Once you’ve picked a program and are preparing to leave, try not to have any expectations. You may think that because you’ve visited a country before or because they speak the same language, living there won’t be that different. Before studying abroad in England I thought the same, and boy was I wrong. It’s true that countries have many similarities, like language, food, economic level, or system of government. There are many other things that may bring us together, but culture is distinctive to each group of people. Going in with expectations of exactly how a country or city might be will only make it harder for you to adjust and really immerse yourself into that culture. It is better to be open to all the possibilities of studying and living in another country.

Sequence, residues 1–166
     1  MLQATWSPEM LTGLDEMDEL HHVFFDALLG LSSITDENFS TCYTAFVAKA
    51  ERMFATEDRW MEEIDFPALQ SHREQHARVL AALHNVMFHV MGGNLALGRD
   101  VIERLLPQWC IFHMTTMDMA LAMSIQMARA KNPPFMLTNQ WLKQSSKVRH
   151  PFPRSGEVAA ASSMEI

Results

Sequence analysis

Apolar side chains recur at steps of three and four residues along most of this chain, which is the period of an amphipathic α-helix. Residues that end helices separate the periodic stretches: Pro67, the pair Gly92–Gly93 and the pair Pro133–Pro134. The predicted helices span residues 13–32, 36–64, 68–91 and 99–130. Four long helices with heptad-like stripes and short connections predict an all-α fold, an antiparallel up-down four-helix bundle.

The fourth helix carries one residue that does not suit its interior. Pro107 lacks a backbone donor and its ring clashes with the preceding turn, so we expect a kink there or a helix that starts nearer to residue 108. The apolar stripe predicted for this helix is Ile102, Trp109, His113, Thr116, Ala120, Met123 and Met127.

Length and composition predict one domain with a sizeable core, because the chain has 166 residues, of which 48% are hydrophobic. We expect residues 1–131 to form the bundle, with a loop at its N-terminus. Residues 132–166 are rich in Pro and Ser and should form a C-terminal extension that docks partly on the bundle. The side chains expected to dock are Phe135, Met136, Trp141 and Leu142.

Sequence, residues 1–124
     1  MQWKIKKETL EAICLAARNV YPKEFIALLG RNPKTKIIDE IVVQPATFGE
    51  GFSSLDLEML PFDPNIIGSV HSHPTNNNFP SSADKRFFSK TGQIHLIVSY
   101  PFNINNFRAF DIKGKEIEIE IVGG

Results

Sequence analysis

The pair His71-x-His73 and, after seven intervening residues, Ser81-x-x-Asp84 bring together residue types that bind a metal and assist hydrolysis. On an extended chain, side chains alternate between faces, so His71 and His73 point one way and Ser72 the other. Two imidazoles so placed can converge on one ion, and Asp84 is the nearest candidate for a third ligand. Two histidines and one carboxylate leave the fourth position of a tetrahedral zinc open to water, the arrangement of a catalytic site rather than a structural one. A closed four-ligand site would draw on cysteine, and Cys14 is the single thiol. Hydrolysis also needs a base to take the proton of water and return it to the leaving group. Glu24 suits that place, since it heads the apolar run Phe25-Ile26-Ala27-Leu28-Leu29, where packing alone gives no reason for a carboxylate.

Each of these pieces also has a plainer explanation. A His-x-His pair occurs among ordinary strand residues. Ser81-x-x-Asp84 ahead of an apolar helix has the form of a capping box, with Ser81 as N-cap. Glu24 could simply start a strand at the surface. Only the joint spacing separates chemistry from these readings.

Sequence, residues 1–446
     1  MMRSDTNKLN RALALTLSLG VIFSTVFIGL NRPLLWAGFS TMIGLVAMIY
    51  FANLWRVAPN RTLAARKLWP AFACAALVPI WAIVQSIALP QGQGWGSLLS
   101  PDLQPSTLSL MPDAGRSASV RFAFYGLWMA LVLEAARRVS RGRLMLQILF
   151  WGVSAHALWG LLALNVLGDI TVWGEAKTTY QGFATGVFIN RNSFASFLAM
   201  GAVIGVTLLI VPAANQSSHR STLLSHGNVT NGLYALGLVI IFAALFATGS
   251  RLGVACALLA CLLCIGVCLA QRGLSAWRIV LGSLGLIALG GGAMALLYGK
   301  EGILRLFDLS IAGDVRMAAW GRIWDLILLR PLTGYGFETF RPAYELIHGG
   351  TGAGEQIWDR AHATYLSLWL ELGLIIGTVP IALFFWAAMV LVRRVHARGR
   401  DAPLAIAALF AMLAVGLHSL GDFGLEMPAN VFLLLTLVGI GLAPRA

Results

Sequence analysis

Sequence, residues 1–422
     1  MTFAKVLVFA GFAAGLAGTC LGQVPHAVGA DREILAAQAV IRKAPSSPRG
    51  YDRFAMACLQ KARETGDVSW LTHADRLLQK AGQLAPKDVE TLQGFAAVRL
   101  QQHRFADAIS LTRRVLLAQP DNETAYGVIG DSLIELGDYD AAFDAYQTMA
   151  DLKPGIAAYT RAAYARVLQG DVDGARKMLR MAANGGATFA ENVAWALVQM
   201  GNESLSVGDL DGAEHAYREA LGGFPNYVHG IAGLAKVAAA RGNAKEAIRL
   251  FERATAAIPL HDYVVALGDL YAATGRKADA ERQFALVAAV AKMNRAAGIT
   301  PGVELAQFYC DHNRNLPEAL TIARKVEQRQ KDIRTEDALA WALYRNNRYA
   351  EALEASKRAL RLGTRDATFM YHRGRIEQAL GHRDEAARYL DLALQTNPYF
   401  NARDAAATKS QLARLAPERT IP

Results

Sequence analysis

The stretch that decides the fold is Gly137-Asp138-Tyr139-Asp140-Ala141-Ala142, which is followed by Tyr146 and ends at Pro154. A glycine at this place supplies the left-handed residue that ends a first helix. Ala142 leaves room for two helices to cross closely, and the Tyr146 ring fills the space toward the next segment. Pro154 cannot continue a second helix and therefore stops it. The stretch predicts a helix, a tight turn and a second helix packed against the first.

Leaving home and beginning a new chapter in your life is always a little nerve-racking. Don’t be afraid! Now is the best time to challenge yourself and make the most of this experience. You don’t want to look back on your study abroad as a bunch of “should-have-could-haves.” Think about what you want by the end of your program of study. Do you want to have adventurous memories, to try different foods, or get to know the locals? If so you probably shouldn’t spend all your time watching Netflix in your room or only talking to other American students. Making a bucket list of all the things you want to do can help, but try to be a little spontaneous too. You never know where this journey will take you.